Every few months, I start itching for a change of scenery. New York City never fails to intrigue me, as I believe it’s America’s greatest metropolis. Living in relatively close distance to this cosmopolitan hub, I feel obligated to take advantage of everything it has to offer as often as I get the chance.
For the second year in a row, I decided to spend the couple of days surrounding my birthday in lower Manhattan. With no real agenda in mind, I devised a short list of places I wanted to hit but stayed open-minded to whatever life threw my way during my short time there.
Here’s a recap of what went down during a (60-degrees-and-sunny) February weekend in New York.
Friday: February 17
After a long bus ride and weeks of anticipation, I was ready to booze. My gal pal Lara and I made moves to watering hole that is East Village in an attempt to mingle with some interesting humans. Frankly, the night couldn’t have been more uneventful, but at least I got this dope picture.
Saturday: February 18 (the day of my birth)
With the sun shining and the morning hangover-free, I was ready to take on the day. We were staying in SoHo and had the pleasure of walking through one of Manhattan’s most chic neighborhoods on our way to the Lower East Side. In addition to the superb window shopping, we were stimulated by some alluring street art.
Our first stop was the Lowline, a prototype of an underground park that the city is planning to start construction on as early as 2018. Currently, the masterminds behind this project are harvesting sunlight to grow plants in an abandoned marketplace in LES.
For a suggested $10 donation, I quite literally frolicked amongst the flowers (roughly 3,000 varieties of them) in the middle of downtown Manhattan. Besides the insane engineering work that made this garden possible, I was awestruck by its variety of “air plants” that were growing without any soil (science, man.)
After feeling rejuvenated from all of fresh air we soaked in at Lowline, we spontaneously made our way to an exhibition at the Danziger Gallery. My friend Nadia had pointed out a sign advertising an Andy Warhol exhibit and suggested that we check it out.
This boutique gallery focuses on photography, but features other mediums as well. The aptly-named exhibit was a celebration of Warhol’s fascination with female lips. These silkscreened lips are a compilation of the sensual body part from the various subjects of his portraits during the 1960’s and 1970’s.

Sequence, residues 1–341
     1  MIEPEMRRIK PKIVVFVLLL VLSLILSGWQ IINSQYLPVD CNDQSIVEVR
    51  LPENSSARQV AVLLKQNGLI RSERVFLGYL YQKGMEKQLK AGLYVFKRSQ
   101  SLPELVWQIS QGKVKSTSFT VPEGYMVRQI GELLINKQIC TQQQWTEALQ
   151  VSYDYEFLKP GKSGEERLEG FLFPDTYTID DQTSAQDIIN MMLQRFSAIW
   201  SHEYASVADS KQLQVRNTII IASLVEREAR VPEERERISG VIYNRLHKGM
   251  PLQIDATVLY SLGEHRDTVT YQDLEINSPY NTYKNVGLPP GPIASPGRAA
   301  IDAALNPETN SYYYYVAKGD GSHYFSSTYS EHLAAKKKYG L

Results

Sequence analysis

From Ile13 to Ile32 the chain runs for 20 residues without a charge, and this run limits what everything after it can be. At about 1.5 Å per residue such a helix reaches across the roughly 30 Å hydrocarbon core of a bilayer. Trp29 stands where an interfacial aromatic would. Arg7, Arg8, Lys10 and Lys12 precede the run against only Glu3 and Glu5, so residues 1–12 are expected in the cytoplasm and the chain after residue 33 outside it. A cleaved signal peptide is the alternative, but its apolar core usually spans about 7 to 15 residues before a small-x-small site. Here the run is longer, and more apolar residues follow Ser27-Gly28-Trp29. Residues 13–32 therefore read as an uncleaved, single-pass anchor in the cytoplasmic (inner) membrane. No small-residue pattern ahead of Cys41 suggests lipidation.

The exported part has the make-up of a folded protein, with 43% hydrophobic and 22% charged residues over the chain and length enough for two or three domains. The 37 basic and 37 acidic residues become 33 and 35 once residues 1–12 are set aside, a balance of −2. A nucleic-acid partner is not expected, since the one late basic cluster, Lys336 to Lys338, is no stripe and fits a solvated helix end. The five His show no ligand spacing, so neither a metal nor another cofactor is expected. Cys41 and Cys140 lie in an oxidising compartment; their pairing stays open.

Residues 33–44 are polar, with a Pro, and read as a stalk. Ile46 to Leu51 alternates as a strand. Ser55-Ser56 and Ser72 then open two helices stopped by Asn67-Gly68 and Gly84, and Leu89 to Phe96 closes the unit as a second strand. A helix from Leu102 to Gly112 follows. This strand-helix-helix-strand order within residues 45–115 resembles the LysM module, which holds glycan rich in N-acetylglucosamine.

Next stop was shopping. Whilst milling around on Broadway, Nadia got an impromptu invite from a friend of hers who’s living in the city to meet at a rooftop bar in the Lower East Side (seeing a pattern here?).
Mr. Purple is a buzzy Millennial hangout located on the roof of the Hotel Indigo. Wanting to bypass the hour-long wait, Nadia used her charm to sweet-talk the bouncer, while Lara and I used our wits to enter through the hotel’s main entrance instead of the rooftop-only entrance (power moves only, people).
While I can’t say that drinking overpriced bulk-brand prosecco amongst frat-boy burnouts is my favorite pastime, I still had an awesome afternoon. There was something intoxicating about soaking up the sunshine on a rooftop in February. Not to mention, Nadia’s friends Kaleigh and Ray were the coolest, proving that great company trumps setting every time.
Our nighttime plans got unexpectedly botched (read more about that at LarasVeryOwn), but we made the best of it and partied elsewhere. While NYC nightlife definitely has its downsides, I will forever be grateful for DJ’s who exclusively spin hip-hop (take notes, Boston). There’s nothing like a some “old” Kanye to get my mood up.
Sunday: February 19
“Brunch” is more of a verb than a noun in New York. I chose Boqueria on a whim as the place to nourish ourselves after a night of drinking. I had a few hours to kill before my bus ride home, during which time I took a meditative stroll through Tribeca and Greenwich Village.
Big-city energy is indescribable; Quaint, mid-sized cities, beachside towns, and the good ol’ ‘burbs all have their appeal, but when you’re dropped in the middle of an urban jungle like New York, you can’t help but feel different.
People-watching serves as a source of inspiration and contemplation for me, and there’s no better place to do it than in the Big Apple. In addition to the myriad activities one can do here, there’s an infinite amount of intangibles to absorb, ponder, and learn. A week later, I’m already looking forward to my return.